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Letters to the Editor

Leveraging a Global Network of Medical Students to Improve Wikipedia’s Health Content

Guven, Tolga Kamil; Cupino, Tanya PhD; Azzam, Amin MD, MA

Author Information
doi: 10.1097/ACM.0000000000003673
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To the Editor:

Despite discouragement from faculty due to variable quality, medical students and patients alike continue actively seeking information on Wikipedia. This creates a disconnect between educators and the future doctors and patients who consult Wikipedia as an initial resource. Although a few medical schools have offered instruction in improving medical articles on Wikipedia,1 adoption has been limited. Meanwhile, the online medical education platform Osmosis has accumulated tens of thousands of active medical student users. Through grants to promote open educational pedagogy,2 Osmosis’ director of open learning initiatives (A.A.) created a pilot Wikipedia-editing course for Osmosis subscribers. This formal instruction in editing Wikipedia’s health content exposed students to both resource evaluation and the peer-review process.

The Wikipedia-editing course for Osmosis subscribers was implemented through the Wiki Education course dashboard in July 2019.3 Novel elements included videoconference meetings, decentralized file sharing, and cloud-based collaborations. Students were mentored on resource retrieval, access, and vetting by a medical school instructor and a librarian. Weekly work-in-progress meetings ensured appropriate student progress. During the penultimate week, students completed open peer reviews of classmates’ work on Wikipedia. The final week was spent responding to reviewers’ suggestions.

In 4 weeks, 11 students from different medical schools on 3 continents added 8,775 words and 119 references to 11 Wikipedia pages, which were viewed 175,022 times during the course. Limitations included restricting eligibility to English-proficient Osmosis-subscribing medical students with adequate technological resources. Nevertheless, this decentralized Wikipedia-editing course enabled multiple positive outcomes. Students developed critical thinking through reference evaluation and participation in peer review. Additionally, students learned to navigate Wikipedia’s quality ratings, which they can share with future patients, thereby empowering independent evaluation of Wikipedia article quality. Yet, the greatest potential impact may be the direct improvements to health-related Wikipedia content. These outcomes bridge an information gap between the medical profession and patients, while benefiting future scholarship.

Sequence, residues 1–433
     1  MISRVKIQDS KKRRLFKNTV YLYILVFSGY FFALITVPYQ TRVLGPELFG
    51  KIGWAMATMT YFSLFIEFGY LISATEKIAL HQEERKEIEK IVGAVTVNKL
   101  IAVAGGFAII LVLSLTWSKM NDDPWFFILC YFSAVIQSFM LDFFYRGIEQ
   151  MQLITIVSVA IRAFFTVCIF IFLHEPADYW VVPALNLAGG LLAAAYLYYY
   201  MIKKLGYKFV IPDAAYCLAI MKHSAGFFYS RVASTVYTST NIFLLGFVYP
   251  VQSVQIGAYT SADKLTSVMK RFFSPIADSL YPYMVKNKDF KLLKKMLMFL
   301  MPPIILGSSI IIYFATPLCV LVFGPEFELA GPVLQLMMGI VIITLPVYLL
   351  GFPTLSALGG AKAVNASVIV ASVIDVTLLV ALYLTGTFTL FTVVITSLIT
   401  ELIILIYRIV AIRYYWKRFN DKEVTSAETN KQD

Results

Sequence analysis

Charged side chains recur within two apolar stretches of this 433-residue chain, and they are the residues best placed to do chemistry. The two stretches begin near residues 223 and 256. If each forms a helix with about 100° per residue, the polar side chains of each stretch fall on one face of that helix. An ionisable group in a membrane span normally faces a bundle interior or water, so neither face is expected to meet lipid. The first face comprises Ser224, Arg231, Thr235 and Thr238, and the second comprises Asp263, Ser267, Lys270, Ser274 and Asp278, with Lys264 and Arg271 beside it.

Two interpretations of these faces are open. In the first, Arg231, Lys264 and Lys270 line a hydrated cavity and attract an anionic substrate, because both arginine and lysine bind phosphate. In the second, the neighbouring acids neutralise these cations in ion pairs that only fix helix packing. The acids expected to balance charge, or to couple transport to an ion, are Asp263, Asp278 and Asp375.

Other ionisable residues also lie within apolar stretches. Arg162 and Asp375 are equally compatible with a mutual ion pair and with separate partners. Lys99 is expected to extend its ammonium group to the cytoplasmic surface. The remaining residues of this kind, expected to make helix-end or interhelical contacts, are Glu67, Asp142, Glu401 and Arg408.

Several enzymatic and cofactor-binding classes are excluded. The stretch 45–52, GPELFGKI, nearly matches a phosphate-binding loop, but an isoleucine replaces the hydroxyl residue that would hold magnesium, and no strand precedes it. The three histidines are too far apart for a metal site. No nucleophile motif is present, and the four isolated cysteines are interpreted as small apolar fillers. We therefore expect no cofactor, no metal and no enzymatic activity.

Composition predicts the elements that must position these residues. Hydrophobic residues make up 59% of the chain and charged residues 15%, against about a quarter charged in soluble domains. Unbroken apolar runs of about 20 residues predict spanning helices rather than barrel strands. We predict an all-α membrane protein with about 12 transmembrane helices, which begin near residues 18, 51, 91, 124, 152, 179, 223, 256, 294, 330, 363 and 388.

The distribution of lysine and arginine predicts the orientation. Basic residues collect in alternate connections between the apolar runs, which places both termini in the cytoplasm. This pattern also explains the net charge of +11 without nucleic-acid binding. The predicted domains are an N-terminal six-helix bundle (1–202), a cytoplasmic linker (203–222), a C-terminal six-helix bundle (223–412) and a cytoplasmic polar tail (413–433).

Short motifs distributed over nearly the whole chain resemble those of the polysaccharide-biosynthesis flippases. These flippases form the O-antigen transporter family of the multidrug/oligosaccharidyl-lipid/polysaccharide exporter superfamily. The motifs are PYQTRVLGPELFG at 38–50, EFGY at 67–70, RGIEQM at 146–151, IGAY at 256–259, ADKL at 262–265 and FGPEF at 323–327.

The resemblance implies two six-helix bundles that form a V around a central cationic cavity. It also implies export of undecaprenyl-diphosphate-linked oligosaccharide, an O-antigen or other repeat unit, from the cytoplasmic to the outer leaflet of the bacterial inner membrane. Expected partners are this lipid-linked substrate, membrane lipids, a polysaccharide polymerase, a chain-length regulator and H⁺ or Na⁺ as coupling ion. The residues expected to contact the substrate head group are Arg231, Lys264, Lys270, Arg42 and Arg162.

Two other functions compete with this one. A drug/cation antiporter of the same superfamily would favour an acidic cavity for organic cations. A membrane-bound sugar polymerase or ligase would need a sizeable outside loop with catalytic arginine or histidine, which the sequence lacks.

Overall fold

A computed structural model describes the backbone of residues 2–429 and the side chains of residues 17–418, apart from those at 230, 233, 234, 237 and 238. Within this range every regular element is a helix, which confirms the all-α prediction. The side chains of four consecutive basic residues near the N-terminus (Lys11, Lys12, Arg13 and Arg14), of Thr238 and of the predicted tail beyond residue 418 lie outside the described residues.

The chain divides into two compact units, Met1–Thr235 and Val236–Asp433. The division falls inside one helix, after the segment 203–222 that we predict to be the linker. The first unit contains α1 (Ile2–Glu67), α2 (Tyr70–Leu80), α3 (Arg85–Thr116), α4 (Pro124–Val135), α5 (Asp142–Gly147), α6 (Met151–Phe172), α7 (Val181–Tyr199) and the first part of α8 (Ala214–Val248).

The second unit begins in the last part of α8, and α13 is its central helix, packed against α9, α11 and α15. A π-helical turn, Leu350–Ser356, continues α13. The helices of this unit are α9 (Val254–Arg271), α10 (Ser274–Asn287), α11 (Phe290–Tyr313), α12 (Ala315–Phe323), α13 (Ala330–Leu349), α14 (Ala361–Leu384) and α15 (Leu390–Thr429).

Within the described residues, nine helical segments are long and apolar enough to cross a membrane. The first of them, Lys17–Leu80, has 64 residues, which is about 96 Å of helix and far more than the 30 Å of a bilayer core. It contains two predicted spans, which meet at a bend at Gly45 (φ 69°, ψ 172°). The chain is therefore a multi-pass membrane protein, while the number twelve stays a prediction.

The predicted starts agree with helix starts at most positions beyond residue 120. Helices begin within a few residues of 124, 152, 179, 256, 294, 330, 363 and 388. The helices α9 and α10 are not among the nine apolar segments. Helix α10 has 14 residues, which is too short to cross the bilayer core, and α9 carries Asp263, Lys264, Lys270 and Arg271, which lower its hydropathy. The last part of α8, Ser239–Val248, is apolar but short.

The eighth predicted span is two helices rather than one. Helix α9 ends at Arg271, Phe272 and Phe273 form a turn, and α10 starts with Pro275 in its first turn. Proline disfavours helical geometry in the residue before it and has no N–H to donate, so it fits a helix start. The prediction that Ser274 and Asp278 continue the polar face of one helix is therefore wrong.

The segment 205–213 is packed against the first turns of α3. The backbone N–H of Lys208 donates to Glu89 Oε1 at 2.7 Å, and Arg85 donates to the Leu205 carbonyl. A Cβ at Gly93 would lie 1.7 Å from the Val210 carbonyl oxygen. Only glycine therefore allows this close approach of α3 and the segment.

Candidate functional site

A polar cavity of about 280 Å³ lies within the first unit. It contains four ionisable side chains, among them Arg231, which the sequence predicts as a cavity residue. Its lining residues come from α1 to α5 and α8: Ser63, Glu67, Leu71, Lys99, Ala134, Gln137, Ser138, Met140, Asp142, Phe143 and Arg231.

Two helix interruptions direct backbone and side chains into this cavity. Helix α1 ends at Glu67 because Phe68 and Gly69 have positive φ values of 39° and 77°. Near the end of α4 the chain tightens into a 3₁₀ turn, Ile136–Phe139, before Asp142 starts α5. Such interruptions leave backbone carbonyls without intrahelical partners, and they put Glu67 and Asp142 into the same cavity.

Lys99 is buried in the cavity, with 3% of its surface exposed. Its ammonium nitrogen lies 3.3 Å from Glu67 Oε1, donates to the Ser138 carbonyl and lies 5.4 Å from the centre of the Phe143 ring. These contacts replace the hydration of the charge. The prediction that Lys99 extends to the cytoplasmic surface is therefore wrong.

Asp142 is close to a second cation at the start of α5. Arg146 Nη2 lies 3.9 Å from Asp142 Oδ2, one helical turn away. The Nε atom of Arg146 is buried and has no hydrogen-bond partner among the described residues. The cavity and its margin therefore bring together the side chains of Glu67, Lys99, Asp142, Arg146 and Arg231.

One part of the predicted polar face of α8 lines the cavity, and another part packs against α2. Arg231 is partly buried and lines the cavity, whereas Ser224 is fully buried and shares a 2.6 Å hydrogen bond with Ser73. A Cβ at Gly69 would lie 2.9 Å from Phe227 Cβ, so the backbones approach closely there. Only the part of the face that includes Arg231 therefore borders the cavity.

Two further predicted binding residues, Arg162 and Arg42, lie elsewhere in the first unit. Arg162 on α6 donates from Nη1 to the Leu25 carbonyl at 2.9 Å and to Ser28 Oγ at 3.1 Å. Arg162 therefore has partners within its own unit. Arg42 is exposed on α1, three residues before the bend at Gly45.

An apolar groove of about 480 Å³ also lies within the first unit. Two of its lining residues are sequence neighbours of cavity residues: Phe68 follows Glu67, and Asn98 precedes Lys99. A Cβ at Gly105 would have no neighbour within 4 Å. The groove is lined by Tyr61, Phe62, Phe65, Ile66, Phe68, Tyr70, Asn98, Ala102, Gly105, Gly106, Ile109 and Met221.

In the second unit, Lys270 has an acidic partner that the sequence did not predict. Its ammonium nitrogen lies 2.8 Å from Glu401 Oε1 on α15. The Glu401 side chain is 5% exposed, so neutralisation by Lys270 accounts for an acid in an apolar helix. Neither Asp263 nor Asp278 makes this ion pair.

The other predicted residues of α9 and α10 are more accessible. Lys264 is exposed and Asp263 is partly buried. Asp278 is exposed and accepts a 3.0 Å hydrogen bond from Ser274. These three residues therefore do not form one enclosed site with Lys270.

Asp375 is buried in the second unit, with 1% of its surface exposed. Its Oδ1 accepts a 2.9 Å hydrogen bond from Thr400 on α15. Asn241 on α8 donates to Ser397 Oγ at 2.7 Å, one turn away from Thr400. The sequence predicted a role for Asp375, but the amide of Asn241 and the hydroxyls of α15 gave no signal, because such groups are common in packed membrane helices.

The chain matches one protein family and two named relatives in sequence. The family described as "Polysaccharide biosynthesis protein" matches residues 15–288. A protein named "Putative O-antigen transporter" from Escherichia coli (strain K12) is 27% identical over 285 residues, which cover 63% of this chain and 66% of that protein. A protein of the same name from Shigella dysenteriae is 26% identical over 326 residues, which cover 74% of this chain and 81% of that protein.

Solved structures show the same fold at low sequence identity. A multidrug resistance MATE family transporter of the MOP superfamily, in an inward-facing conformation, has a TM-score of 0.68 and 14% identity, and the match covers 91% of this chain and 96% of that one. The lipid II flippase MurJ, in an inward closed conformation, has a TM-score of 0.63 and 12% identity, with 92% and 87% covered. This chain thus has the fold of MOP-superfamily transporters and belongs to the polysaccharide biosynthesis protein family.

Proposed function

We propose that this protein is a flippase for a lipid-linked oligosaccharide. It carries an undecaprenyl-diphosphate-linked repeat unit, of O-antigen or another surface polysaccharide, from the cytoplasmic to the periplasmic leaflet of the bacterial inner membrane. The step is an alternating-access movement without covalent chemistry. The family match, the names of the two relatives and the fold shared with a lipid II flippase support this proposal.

References

1. Joshi M, Verduzco R, Yogi S, et al. Wikipedia editing courses at three US medical schools in the 2017-2018 academic year. MedEdPublish. 2019;8:76
2. Hewlett Foundation. Knowledge Diffusion Inc (DBA Osmosis): For promoting open educational practice through scalable technology. https://hewlett.org/grants/knowledge-diffusion-inc-dba-osmosis-for-promoting-open-educational-practice-through-scalable-technology. Updated April 10, 2018 Accessed July 24, 2020
3. Azzam AWikipedia: Wiki Ed/Osmosis/Osmosis Wikipedia-editing course July 2019 (Summer). https://en.wikipedia.org/wiki/Wikipedia:Wiki_Ed/Osmosis/Osmosis_Wikipedia-editing_course_July_2019_(Summer). Updated August 9,2019 Accessed July 24, 2020
Copyright © 2020 by the Association of American Medical Colleges